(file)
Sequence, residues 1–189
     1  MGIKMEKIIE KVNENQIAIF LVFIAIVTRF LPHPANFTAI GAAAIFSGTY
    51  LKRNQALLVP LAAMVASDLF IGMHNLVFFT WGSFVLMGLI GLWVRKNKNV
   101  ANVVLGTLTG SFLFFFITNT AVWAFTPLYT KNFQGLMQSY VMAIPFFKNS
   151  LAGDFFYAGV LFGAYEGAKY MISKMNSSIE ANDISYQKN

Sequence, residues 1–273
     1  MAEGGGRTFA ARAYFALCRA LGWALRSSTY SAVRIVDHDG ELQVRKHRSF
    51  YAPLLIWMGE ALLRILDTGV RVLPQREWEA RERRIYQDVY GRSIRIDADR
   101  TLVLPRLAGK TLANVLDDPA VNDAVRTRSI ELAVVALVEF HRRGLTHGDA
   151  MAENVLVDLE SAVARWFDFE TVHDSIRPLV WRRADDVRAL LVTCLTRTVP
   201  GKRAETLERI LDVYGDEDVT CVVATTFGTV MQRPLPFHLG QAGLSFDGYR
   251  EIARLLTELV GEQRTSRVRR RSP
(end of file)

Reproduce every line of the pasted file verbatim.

Sequence, residues 1–189
     1  MGIKMEKIIE KVNENQIAIF LVFIAIVTRF LPHPANFTAI GAAAIFSGTY
    51  LKRNQALLVP LAAMVASDLF IGMHNLVFFT WGSFVLMGLI GLWVRKNKNV
   101  ANVVLGTLTG SFLFFFITNT AVWAFTPLYT KNFQGLMQSY VMAIPFFKNS
   151  LAGDFFYAGV LFGAYEGAKY MISKMNSSIE ANDISYQKN

Sequence, residues 1–273
     1  MAEGGGRTFA ARAYFALCRA LGWALRSSTY SAVRIVDHDG ELQVRKHRSF
    51  YAPLLIWMGE ALLRILDTGV RVLPQREWEA RERRIYQDVY GRSIRIDADR
   101  TLVLPRLAGK TLANVLDDPA VNDAVRTRSI ELAVVALVEF HRRGLTHGDA
   151  MAENVLVDLE SAVARWFDFE TVHDSIRPLV WRRADDVRAL LVTCLTRTVP
   201  GKRAETLERI LDVYGDEDVT CVVATTFGTV MQRPLPFHLG QAGLSFDGYR
   251  EIARLLTELV GEQRTSRVRR RSP